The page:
Dove and Butterfly Launch Petition Calling for a National Body Image Inquiry
In order to bring about real change to harmful body ideals in Australia, Dove and Butterﬂy Foundation are calling on all Australians to sign a petition ﬁghting for systematic change.
Sydney, Australia – 8th May 2023
As part of Dove’s ongoing commitment to help the next generation of women develop a positive relationship with the way they look, Dove is again partnering with Butterﬂy Foundation to call for a National Inquiry in the hope to bring about real change to harmful body ideals in Australia.
Through the Dove Self-Esteem project, recent research commissioned by Dove has revealed that young Australian girls are struggling with their body image, with more than half (58%) admitting they are dissatisﬁed with their overall appearance and 46% reporting they are often upset with the way they look.
Negative body image is not only a key risk factor in developing an eating disorder, it also can have a serious impact on all aspects of a person’s life, including limiting their health, happiness, and future potential.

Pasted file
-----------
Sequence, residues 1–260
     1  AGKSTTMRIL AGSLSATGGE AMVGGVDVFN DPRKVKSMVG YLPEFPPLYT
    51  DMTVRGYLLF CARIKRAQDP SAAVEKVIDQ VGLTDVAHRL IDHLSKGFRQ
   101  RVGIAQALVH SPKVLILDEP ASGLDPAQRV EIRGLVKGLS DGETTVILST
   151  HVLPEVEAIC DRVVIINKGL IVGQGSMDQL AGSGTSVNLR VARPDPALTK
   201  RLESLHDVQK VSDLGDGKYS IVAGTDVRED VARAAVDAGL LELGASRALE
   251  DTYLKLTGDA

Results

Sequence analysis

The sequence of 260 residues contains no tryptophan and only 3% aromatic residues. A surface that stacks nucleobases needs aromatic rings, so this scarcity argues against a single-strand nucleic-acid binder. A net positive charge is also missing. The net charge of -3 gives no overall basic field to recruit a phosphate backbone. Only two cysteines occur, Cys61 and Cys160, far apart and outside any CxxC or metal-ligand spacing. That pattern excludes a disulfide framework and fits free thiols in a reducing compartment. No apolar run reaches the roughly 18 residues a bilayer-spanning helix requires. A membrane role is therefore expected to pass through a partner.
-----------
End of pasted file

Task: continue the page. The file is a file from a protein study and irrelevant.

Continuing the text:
Among those surveyed, concerningly 59% reported they are not satisﬁed with their body weight, 61% with their body shape and 63% with their face and facial features, revealing the real cost of unrealistic body ideals for young Australians. Having a negative body image can lead to a host of issues, including low self-esteem, constant preoccupation with one’s appearance, an unhealthy ﬁxation on weight, shape, or size, and mental health issues like anxiety, depression and eating disorders.